Posted by: Witch Doctor | October 14, 2007

Tooke Report – BMA comments



Tooke Report: BMA commented on 8 October:

“The BMA today (Monday 8 October, 2007) welcomes Sir John Tooke’s detailed draft report following the disastrous introduction of the Modernising Medical Careers training reforms and says that any new system must not be forced through against the wishes of doctors.

The BMA will consider the detail of Sir John’s report and survey its members on the recommendations in addition to holding a conference on the future of medical training on 1 November.

Mr Ram Moorthy, chairman of the BMA Junior Doctors Committee, says:“We need to maintain excellence, fairness, and flexibility in medical training. Any future system has to be properly piloted. It must be driven by input from the medical profession, and the interests of patients, rather than a short-term political agenda. Better workforce planning will be crucial.

”Dr Hamish Meldrum, Chairman of Council at the BMA, says: “This is a detailed report with many far-reaching recommendations. The BMA will carefully consider them all and we will canvass our members’ views as part of the process. The report highlights the need for coherent medical advice on key matters of principle, and the importance of doctors being involved in the management of the health service – we couldn’t agree more. Failure to engage with doctors was an underlying reason for the disaster we saw this year.

”The report states that medical immigration is an issue that needs to be addressed if future training systems are to be successful. The Department of Health has issued a discussion document on managing applications from international medical graduates. The BMA is calling for greater clarity on doctors’ immigration status, and for overseas medical students currently at UK medical schools to be allowed to complete their full postgraduate training in the UK. Dr Meldrum adds: “The immigration status of overseas doctors during the recruitment process this year was extremely vague, creating the possibility of discrimination. Overseas medical students have come to the UK on the understanding that they’d be able to train and work in the NHS. They’ve often made personal and financial sacrifices to come here. It would be hugely unfair to deny them opportunities to work in the NHS.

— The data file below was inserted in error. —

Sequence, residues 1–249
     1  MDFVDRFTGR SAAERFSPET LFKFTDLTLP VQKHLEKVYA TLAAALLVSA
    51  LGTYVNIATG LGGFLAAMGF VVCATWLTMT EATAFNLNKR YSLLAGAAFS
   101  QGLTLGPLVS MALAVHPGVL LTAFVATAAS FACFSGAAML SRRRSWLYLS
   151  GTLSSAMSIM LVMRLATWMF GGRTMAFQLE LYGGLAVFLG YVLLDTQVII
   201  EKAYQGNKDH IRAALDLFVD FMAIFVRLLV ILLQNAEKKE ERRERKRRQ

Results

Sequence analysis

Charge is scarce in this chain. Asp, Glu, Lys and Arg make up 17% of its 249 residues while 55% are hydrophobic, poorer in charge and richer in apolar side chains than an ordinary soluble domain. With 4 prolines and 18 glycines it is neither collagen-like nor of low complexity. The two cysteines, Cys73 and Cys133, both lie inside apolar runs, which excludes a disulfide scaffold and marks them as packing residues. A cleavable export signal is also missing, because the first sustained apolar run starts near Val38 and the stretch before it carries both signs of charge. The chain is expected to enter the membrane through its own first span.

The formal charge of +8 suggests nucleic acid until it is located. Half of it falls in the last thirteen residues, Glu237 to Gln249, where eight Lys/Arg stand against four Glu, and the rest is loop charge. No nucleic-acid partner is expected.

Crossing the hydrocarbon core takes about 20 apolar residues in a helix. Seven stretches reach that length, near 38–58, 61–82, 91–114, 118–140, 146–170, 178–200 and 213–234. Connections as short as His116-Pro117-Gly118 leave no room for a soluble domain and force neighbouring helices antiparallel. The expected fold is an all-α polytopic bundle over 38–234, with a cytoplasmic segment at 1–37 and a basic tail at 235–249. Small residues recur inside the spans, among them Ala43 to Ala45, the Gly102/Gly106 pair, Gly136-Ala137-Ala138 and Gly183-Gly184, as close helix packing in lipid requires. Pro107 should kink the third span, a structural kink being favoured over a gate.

”The BMA welcomes the recommendation for a National Institute of Health Education. Dr Meldrum says: “Research and education are crucial to the future of the NHS, but academic careers were sidelined in Modernising Medical Careers. This is an area where major improvement is needed.

”The BMA shares Sir John’s concern that non-training posts represent a cul de sac and must be made more attractive. A new contract for non-training grade, or Staff and Associate Specialist, doctors is currently deadlocked.

“Mr Mohib Khan, joint chairman of the BMA Staff and Associate Specialist Committee, says: “Sir John is absolutely right that non-training posts are seen as a career dead end. A future contract for this group of doctors must include real training, and opportunities for career progression. The fact that the government is stalling is making the situation far worse.”

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